(* Pioneer® brand products represented in Figure 10: P0157AMX (AMX,LL,RR2), P0193AMX (AMX,LL,RR2), P0297AMXT (AMXT,LL,RR2), P0339AMXT (AMXT,LL,RR2), P0407AMXT (AMXT,LL,RR2), P0533AM1 (AM1,LL,RR2), P0570AMXT (AMXT,LL,RR2), P0589AM (AM,LL,RR2), P0589AMXT (AMXT,LL,RR2), P0636AMX (AMX,LL,RR2), P0760AMXT (AMXT,LL,RR2), P0937AM (AM,LL,RR2), P0969AM (AM,LL,RR2), P0969AMXT (AMXT,LL,RR2), P1142AMX (AMX,LL,RR2), P1197AM (AM,LL,RR2), P1257AM (AM,LL,RR2), P1311AMXT (AMXT,LL,RR2), P1417AMX (AMX,LL,RR2), P1443AM (AM,LL,RR2), P1479AM (AM,LL,RR2), P9526AMX (AMX,LL,RR2), P9526AMXT (AMXT,LL,RR2), P9538AMXT (AMXT,LL,RR2), P9644AMX (AMX,LL,RR2), P9681AMX (AMX,LL,RR2), P9703AMX (AMX,LL,RR2), P9917AMX (AMX,LL,RR2), P9929AMXT (AMXT,LL,RR2))
Implications for Field Scale Accuracy
Results of this analysis have shown that yield monitors have the capability of providing accurate yield data in on-farm strip trials but that, in reality, yield estimates and product comparisons derived from yield monitors are often inaccurate at the location level due to error in the data. However, the primary utility of yield monitors is, and always has been, assessing spatial variability in relative yield at the field scale. What insights can the results of this study provide regarding yield monitor accuracy at the field scale?
Total harvested area of trial locations in this study ranged from less than 1 to greater than 25 acres. Locations with the greatest average yield monitor error (>10%) tended to be less than 10 acres (Figure 11). However, error rates greater than 3% were still common for trials larger than 10 acres; occurring at 38% of locations.
Figure 11. Average yield monitor error rate and total harvested area of on-farm trial locations.
These results suggest that over 1/3 of field-scale yield monitor data is likely inaccurate (error rate >3%). This has important implications for management decisions based on yield monitor data, both at the farm level and beyond. As improvements in data collection and transfer make the aggregation of yield data into larger area-level datasets more seamless, the fact that a substantial portion of the data feeding into these systems are inaccurate undermines the reliability of analyses and summaries based on these data. Post-calibration using scale tickets is a fix that is often applied to align the yield monitor estimate for total yield of a field in line with the actual weight of grain harvested; however, this method applies a uniform correction across the entire field, which may not reflect the actual spatial variation of yield in the field. The oft-repeated adage regarding computer systems of “garbage in equals garbage out” is frequently, and quite fittingly, applied to yield monitor data. As the industry becomes increasingly reliant on yield monitor data for performance insights and management decisions, the “garbage out” becomes more of a concern.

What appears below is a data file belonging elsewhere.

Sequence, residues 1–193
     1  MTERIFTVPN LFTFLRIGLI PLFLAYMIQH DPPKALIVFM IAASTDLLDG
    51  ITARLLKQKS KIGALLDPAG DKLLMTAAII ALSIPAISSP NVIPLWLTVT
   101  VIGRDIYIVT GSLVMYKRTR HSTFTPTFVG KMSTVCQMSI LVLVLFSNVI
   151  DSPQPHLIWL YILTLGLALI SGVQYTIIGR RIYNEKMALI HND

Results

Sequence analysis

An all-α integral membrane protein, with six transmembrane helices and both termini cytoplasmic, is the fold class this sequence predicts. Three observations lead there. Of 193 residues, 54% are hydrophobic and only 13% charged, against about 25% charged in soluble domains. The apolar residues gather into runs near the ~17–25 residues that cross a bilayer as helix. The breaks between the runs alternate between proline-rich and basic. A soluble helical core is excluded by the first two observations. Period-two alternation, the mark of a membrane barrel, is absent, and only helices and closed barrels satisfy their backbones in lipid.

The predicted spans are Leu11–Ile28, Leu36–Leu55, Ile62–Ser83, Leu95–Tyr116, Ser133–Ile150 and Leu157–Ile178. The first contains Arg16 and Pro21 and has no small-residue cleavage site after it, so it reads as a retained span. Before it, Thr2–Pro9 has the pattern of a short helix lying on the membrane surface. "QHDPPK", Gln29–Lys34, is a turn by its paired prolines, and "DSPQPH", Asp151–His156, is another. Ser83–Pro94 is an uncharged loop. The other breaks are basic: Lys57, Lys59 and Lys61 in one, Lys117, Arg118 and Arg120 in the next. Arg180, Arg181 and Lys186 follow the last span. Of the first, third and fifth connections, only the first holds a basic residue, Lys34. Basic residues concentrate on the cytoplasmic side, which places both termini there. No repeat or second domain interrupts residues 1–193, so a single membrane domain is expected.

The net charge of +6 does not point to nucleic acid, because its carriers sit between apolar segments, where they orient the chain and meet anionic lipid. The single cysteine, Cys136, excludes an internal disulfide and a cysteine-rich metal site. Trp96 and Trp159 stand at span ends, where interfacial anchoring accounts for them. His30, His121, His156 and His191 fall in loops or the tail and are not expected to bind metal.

Practices to Improve Yield Monitor Accuracy
The following guidelines, adapted from Yield Monitor Systems (Darr, 2016), can help maximize yield monitor accuracy in on-farm trials.
Mass Flow Sensor
The mass flow sensor must be calibrated to ensure accurate yield data. In general, the mass flow sensor should be recalibrated anytime there is a significant change in crop conditions. These include the following conditions:
- After a long period of inactivity such as at the beginning of a new season.
- Switching between crop types.
- Significant changes in crop moisture of more than 4%.
- Significant test weight changes.
- Changes in crop conditions that cause a shift in normal operating speeds including lodged or downed crops, high moisture crops, or significant changes in ground conditions.
Calibration Procedure: Specific calibration procedures change based on the manufacturer, but several general recommendations fit all brands: